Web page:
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The Road to Graduation: A look into the journey of the first class of 'I Promise' students with the LeBron James Family Foundation

The inaugural class of 'I Promise' students will be among the first to receive college scholarships through the program.

AKRON, Ohio — About 10 years ago, LeBron James and his foundation welcomed the first class of students into the "I Promise" program. Now, the inaugural class of students is graduating, and they will be among the first to receive college scholarships through the program.

In the first of a three-part series, 3News'  Amani Abraham brings us a look inside the road to graduation.

Back in 2011, the graduation rate stood at around 76% in the Akron Public School District, meaning about 24% of high school students did not graduate on time. The statistic caught the attention the LeBron James Family Foundation.

"He wanted to give back to students and families who were just like him," Michele Campbell, executive director of the LeBron James Family Foundation, said of the NBA legend and Akron native. "He thought the best way to do that would be to change the graduation rate, because so many people helped him and his mom along the way when he was growing up."

LeBron has talked about his challenges as a young student, including missing more than 80 days of school as a fourth grader. In an interview with 3News in 2018, LeBron said he wanted give back to the community that had helped to support his journey.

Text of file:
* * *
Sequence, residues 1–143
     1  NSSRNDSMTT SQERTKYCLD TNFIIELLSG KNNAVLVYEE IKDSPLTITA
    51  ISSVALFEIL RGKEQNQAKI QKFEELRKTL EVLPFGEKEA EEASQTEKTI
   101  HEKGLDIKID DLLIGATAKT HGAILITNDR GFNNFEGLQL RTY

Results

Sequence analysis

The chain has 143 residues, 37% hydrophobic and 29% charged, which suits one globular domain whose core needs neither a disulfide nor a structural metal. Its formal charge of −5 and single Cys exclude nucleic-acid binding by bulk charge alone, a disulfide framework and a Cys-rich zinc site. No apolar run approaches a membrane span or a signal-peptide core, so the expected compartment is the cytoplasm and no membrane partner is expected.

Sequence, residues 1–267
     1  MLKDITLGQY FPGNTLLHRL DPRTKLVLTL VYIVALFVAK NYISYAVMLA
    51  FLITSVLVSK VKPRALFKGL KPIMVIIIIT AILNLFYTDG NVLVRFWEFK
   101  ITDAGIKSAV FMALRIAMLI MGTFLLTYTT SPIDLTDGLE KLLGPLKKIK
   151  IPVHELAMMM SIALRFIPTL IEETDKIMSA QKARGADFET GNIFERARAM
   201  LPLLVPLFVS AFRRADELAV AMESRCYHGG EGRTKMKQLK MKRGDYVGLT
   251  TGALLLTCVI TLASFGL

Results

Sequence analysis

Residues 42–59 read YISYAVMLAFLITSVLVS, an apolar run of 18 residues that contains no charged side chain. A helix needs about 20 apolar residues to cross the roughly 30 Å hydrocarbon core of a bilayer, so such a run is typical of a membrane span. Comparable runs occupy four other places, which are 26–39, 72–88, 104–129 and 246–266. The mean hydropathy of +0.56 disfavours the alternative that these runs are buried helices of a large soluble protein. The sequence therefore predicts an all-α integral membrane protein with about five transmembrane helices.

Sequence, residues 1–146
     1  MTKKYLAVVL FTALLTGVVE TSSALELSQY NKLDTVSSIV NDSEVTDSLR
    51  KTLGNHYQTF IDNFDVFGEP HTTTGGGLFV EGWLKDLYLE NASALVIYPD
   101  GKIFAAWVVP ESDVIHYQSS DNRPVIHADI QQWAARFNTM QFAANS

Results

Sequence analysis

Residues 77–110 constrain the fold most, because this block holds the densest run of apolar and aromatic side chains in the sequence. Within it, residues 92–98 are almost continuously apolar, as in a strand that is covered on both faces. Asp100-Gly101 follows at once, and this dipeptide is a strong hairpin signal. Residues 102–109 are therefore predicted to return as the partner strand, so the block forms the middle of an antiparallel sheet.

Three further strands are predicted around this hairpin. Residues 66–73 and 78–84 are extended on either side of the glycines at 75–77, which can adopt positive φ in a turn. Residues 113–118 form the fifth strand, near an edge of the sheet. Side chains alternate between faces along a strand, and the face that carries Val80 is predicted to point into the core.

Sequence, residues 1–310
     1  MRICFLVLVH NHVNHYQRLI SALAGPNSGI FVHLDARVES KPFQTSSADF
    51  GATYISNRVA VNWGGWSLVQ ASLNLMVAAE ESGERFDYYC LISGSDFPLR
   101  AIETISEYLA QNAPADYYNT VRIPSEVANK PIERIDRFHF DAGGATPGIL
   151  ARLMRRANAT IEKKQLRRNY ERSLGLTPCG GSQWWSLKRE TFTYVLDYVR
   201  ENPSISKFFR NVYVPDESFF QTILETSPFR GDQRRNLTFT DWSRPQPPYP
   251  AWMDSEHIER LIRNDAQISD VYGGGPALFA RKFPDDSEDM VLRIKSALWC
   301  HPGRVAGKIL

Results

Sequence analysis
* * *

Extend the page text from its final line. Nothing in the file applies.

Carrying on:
The foundation partnered with Akron Public Schools to help provide additional resources and support to kids who may be at risk of not graduating high school. The students in the program were identified through testing in the third grade that measured reading skills.

"There's a lot of research done by Summit Education Initiative with their predictive analytics, so if you look at where a kid at is with third grade reading or eighth grade algebra, those are some predictors of future success for kids," APS Superintendent David Jame" told us. "Third grade reading is really important.”

What began as Wheels for Education later transformed into what is now known as the "I Promise" program. Tutoring, mentoring, and summer programs were put in place up to help students who were falling behind in school.

Each year, the program welcomes a new class of third graders. The students -- identified through testing at the end of their second grade year -- are chosen through a lottery process. There are now more than 1,500 students in the program who are spread out across the district.

In 2015, LeBron announced that I Promise students who meet a set of requirements would earn free tuition to the University of Akron. It later expanded to Kent State University in 2020.

In 2018, the foundation opened the I Promise School, which meant all future students would enter the program through these doors. Since the opening of the school, students entering the program would be under one roof instead of scattered across different buildings in the district, but before the launch of the new school and the announcement of the college scholarships, the attention was on the first class of I Promise students. Campbell said they quickly realized that the foundation would also be growing up the class of 2021.

The three-part series continues on Wednesday on WKYC at 11p.m.